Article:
The Graduate Student Senate voted unanimously to express its concern over the high cost of mandatory fees during its meeting on Tuesday morning. Graduate Student Body President Anthony Baldridge authored the resolution, which will be submitted to the Institute’s administration and the Board of Regents.
The resolution states that the fees cost graduate students over two months of their typical research stipends and that Tech ranks sixth among its peer institutions for the total cost of mandatory fees. The Senators identified the Academic Excellence Fee as a point of contention, saying that “concern is explicitly raised over the Academic Excellence Fee due to a lack of transparent purpose and student input and the inability to discuss its imposition upon the graduate student body.”
The Senate said that the high cost of fees has an adverse effect on the recruitment and retention of graduate students. While Senators recognized that fees are necessary for the operation of certain campus services, they asked the administration to review the way fees are determined and charged to students.
Senate Secretary James Black submitted the resolution and an accompanying letter from Graduate SGA’s executive board to Tech’s administration and the Board of Regents. The letter, signed by each executive officer including Baldridge, laid out some specific suggestions for improvement and further developed the points raised in the resolution.
“Fees, as a single topic, represent one of the most significant issues that affect the entire graduate population,” the letter said. Addressing the Academic Excellence Fee specifically, the executive board asks that Tech’s administration and the Board of Regents to “address the possibility of the inclusion of the Academic Excellence Fee into tuition.”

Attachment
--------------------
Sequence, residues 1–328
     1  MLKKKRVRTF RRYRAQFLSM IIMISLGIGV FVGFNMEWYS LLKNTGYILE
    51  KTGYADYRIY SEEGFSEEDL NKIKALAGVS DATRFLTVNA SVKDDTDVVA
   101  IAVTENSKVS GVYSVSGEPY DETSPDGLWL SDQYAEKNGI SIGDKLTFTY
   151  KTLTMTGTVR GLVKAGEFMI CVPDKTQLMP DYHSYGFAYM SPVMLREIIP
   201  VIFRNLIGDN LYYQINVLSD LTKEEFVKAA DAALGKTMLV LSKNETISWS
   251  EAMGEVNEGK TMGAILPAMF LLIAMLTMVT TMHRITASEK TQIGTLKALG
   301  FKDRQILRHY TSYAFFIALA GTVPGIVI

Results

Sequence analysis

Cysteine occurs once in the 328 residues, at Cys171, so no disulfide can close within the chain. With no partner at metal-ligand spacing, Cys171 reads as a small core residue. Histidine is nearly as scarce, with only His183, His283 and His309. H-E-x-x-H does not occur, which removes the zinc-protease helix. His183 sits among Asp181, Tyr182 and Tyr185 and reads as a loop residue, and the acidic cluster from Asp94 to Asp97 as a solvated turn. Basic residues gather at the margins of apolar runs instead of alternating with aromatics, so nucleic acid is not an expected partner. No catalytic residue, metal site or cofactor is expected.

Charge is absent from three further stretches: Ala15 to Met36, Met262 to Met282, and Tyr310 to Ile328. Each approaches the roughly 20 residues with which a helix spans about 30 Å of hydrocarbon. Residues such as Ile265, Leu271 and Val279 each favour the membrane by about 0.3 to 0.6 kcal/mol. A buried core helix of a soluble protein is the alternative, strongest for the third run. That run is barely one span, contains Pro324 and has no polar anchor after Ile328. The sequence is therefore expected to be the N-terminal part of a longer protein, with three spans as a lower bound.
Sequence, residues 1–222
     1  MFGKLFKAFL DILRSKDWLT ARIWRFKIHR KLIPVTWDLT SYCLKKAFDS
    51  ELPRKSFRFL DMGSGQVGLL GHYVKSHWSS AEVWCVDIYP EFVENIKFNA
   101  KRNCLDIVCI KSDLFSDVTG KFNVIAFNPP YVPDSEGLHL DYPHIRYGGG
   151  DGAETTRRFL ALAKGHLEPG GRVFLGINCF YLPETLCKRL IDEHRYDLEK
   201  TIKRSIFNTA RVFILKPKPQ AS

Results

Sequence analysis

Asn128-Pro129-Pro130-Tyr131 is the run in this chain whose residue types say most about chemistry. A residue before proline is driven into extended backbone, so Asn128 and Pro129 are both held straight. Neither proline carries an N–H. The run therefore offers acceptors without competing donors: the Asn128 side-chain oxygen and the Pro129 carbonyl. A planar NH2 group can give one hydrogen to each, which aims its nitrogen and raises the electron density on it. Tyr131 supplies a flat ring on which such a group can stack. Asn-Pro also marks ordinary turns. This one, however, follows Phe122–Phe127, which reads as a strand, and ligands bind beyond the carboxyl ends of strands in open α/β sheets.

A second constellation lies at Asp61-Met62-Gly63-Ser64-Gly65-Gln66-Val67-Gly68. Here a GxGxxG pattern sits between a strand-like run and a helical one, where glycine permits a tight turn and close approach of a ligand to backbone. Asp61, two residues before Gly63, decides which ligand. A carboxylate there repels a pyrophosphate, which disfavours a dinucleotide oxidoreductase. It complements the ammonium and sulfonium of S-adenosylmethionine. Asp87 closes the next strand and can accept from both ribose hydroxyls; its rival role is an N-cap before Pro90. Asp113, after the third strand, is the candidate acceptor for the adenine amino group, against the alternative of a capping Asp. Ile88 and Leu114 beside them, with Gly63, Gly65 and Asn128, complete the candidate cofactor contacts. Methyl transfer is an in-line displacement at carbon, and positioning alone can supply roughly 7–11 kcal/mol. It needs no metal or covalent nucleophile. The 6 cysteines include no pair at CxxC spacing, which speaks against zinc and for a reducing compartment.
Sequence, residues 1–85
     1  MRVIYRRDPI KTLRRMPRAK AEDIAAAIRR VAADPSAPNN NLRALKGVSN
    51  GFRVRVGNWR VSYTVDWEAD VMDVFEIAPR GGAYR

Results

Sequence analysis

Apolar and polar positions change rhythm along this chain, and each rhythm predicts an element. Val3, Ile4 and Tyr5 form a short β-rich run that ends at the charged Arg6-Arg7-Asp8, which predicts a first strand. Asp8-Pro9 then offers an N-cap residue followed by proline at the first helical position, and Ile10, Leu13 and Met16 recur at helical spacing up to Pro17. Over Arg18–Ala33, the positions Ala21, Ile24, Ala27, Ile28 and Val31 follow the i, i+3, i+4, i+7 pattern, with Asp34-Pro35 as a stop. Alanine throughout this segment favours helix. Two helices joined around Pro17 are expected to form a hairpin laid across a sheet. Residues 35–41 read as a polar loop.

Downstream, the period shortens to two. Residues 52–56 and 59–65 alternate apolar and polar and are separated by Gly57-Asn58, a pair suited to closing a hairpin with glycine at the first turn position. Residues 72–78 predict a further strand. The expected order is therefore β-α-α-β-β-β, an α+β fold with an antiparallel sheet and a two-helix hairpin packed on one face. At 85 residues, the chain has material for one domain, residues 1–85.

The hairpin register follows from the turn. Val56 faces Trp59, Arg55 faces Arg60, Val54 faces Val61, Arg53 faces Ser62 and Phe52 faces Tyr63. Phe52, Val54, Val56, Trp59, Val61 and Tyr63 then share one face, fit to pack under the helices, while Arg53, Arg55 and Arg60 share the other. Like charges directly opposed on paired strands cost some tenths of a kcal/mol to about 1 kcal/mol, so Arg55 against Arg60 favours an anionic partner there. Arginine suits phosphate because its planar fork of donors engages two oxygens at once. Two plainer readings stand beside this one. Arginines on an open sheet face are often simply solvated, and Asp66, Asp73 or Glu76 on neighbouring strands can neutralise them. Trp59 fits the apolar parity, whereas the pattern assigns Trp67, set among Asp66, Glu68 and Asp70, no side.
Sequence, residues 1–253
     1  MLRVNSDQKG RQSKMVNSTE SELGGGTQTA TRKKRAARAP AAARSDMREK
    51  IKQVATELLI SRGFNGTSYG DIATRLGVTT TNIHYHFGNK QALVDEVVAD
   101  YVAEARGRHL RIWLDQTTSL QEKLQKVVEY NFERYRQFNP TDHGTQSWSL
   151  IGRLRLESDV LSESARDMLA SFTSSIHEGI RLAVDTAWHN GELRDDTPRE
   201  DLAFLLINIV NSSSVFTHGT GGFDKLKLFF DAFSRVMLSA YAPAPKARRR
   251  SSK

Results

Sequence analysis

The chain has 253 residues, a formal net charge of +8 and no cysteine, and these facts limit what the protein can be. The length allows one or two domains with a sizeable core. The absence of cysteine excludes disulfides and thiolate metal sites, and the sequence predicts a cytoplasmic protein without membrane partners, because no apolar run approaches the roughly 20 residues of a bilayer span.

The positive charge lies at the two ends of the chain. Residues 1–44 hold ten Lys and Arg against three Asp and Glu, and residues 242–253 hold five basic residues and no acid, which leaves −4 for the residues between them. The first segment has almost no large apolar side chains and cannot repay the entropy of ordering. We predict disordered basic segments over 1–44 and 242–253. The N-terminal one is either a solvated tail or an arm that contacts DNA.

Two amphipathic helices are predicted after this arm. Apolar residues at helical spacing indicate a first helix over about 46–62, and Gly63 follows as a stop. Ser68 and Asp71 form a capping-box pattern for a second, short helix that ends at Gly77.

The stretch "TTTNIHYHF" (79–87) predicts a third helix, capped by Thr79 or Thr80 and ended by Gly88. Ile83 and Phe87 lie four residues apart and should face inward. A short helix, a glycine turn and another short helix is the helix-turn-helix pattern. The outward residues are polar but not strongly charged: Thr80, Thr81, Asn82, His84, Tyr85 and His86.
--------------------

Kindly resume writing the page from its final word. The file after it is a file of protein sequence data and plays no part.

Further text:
“[Fees represent] a true financial burden to graduate students, as well as undergraduates, for that matter. Many graduates are self-reliant and rely solely on their stipends as their only source of income, which raises my concern that these high fees are putting a heavy financial burden upon the entire graduate student body that might be a different situation compared to undergraduate students,” Baldridge said in an email.
Undergraduate SGA, however, does not wish to join in this effort to revise the fee structure.
“The Graduate Student Senate certainly has the right to express themselves and what they feel is the best interest of their constituents,” said Undergraduate Student Body President Corey Boone. “I have always said to the Board of Regents that the mandatory Student Excellence Fee is cumbersome on everyone, and it should be repealed immediately. But I don’t think joining in with the graduates would achieve anything in the sense that the role of the undergraduate is different than that of the graduate.”
Saying that graduates and undergraduates are distinct because graduates are paid for their research and undergraduates pay to learn at Tech, Boone said that the undergraduates have been raising concerns about fees to the administration and the BoR in a different manner.
In response to the resolution and letter, Institute President G.P. “Bud” Peterson sympathized with the graduates’ efforts and said he was committed to working on the issue.
“Our guiding principles are to ensure transparency and accountability for the spending of these student fees, including the Academic Excellence Fee; and to ensure that the fringe benefits for graduate students, which currently include $100 in the fall and spring semesters, are appropriately administered,” Peterson said in an email statement referring to health and similar benefits.
The Board of Regents will discuss fees during its April meeting. “The Board of Regents appreciates the input of the Georgia Tech Graduate SGA on this important issue,” said John Millsaps, Associate Vice Chancellor of Media & Publications for the Board of Regents in an email statement.
“The [Academic Excellence Fee] is currently scheduled to sunset on June 30, 2012.”
The Undergraduate House of Representatives waived Joint Finance Committee Policy and voted 47-1-0 to allocate $1072 to Women’s Awareness Month. The organization originally requested $5453, but JFC recommended cutting 85 percent of that amount. JFC Chair Brad Bauerkemper defended the cuts during debate by saying that too much money in the original bill would go towards decorations. JFC recommended allocating only $50 towards that purpose. After amending the bill according to JFC’s recommendations, representatives noticed that $231 in funds for candles used for the Take Back the Night event had been cut because JFC ruled that they were decorations. Take Back the Night is a candlelit vigil which raises awareness of sexual assault against women. Representatives voted to waive policy and to resinstate funding.